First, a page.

Queendom.com - the land of tests tests quizzes polls advice articles blog
My ProfileMy Profile


    Forgot Password?...

  New? Register here...
  My Profile tour...
spacer
Editor Pick

Analytical Reasoning Test

This analytical aptitude test assesses inductive and deductive reasoning skills. Verbal and quantitative reasoning skills are important in business decision making and IT ...
take this test...
spacer
Related Tests
Tests
Social Anxiety Test
Type A Personality Test
PMS Test
Type A Personality Test - Abridged
Burnout Test (Non-Service Fields)

Articles show
spacer
Quick Poll
Do you listen to your intuition or gut instinct?
All the time

Most of the time

Sometimes

Rarely

Never



spacer
May 24, 2018 - Welcome Guest!

Advice » Relationships

submit your question

Friends...what are they?

Question:

I'm 15 years old and I live in Portland Maine. I have lived here my entire life and I don't care for it much. I am extremely shy and I don't have any friends. People tell me that when you look in the mirror the person staring back is the best friend you'll ever have (as true as that may be, its not the same). I feel alone a lot.

I'm having real problems making friends. I'm afraid to walk down the hallway at my school and greet acquaintances. My old friends all left me behind because they thought I was "Shady". I'm depressed a lot and I cry every night. Now I'm stuck all by myself and I don't know what to do. I know that you guys can't get out here and make friends for me, but I'm hoping that you can give me advice on how to do it for myself. I really need friends in my life. Any advice that you could provide would be very appreciated.

Jane (15 year-old woman) from Portland, Maine

Answer:

Dear Jane,

I'm really glad that you wrote, because what you're going through right now sounds very painful. You don't have to keep on this way, though. That's the good news. The bad news is that it's going to take work on your part, and you're going to need to do something that you may not like: tell someone (ideally, your parents) what's going on and ask for them to take you to a counselor or therapist because you need someone to talk to.

Being all alone without friends is enough to make anyone depressed. But it's really hard to make new friends while you're depressed, so it's a vicious cycle that you need help in breaking. A counselor could talk with you about what's going on and help you to figure things out. What happened to make your friends consider you "shady," for example, and how can you do things differently from now on (in your choice of friends or in how you act with them) so that you don't have to go through this again? These are the types of things a counselor will help you to figure out.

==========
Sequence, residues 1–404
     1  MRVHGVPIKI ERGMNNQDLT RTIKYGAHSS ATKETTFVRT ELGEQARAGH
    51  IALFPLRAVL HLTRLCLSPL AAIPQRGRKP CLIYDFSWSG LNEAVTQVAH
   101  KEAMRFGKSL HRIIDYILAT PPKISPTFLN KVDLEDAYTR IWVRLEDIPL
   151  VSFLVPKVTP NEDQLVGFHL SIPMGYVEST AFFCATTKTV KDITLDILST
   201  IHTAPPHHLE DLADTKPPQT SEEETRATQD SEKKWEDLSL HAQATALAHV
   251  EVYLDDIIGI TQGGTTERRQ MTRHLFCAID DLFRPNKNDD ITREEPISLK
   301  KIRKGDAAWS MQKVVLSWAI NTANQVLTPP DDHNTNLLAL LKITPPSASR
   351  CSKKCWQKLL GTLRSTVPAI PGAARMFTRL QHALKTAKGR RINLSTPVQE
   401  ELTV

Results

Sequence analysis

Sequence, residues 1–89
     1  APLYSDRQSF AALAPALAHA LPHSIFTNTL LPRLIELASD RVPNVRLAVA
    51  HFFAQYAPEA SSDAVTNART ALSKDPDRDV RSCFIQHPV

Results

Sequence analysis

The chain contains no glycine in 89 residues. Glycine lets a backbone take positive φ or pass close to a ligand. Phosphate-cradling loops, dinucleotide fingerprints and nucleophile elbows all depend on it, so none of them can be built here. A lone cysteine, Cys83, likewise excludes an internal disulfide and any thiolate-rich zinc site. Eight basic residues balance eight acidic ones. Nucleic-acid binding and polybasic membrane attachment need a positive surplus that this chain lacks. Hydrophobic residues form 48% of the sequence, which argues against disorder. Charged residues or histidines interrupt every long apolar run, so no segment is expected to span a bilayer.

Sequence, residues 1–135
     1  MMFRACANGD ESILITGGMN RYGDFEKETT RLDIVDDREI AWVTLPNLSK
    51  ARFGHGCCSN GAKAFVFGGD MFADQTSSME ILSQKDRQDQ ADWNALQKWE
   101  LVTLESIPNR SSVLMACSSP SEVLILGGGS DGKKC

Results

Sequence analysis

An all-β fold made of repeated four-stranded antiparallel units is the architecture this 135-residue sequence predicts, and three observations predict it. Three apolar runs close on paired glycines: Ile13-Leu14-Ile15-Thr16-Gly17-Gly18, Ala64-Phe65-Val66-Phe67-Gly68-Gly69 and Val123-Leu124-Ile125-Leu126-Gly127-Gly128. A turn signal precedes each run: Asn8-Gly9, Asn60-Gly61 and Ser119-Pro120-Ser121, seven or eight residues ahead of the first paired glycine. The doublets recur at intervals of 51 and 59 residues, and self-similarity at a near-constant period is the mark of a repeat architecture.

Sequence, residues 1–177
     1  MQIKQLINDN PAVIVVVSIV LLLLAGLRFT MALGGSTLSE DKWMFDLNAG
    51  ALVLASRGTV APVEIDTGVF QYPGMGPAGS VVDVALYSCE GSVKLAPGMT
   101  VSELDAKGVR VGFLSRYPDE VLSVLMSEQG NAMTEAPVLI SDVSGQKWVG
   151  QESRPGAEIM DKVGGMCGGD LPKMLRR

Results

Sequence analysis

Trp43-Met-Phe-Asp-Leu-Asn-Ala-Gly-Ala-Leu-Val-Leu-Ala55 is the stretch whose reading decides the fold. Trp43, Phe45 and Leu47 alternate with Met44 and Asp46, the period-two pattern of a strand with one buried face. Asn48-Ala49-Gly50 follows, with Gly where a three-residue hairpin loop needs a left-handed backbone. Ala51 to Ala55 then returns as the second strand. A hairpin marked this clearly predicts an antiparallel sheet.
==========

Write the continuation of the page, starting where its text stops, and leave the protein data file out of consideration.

Depression is serious, so please take it seriously. You've suffered enough already. Don't let it go on any longer or get any worse. Decide that you are going to do something today to make it better, and do it. The first step is telling your parents or a counselor or teacher or other adult that you trust what you're going through. You were resourceful enough and courageous enough to write this letter for help, so you can talk to someone right there in Maine also.

In the short term, try doing little things that would make yourself feel better. Treat yourself to something special that you enjoy - a new article of clothing, maybe, or taking the time to sit and listen to your favorite music - whatever it is that you enjoy doing. Look around at school and see if you notice anyone else who is usually sitting alone and looks like she might need a friend. Set yourself small goals, and see if you can accomplish them. Maybe you want to start with a goal of going to school, and picking one person to make eye contact with, smile, and say hello to when you walk by. If you're scared, it's OK. Just try to do it, and if you do it, congratulate yourself and build from there.

Are there any places outside of school that you could make friends - a youth group at church or if you were to take a part time job or volunteer somewhere, maybe? Getting out and meeting new people may help you to feel better and start becoming happier. Remind yourself that you already do know how to make friends, because you've done it successfully in the past.

A final idea is to call 1 800 367 6274, which is a nation wide self help group clearing house, and see if there are any support groups for depressed teens in your area. You may be surprised to find that you're not the only one feeling as badly as you do. Many, many people feel badly, but often they hide it from others. It may be easier for you to make new friends in a supportive environment with others who have been struggling too.

Good luck, Jane, and take care.

Sincerely,

Susan Maroto, LCSW

This question has been answered by Susan Maroto. She is a Licensed Clinical Social Worker working out of Mount Laurel, New Jersey. She uses an eclectic approach to holistic healing, mind-body relationships, life transitions, depression, and anxiety.

For more information visit the site or contact information page on QueenDom.

follow
share
GoodTherapy.org Therapist Directory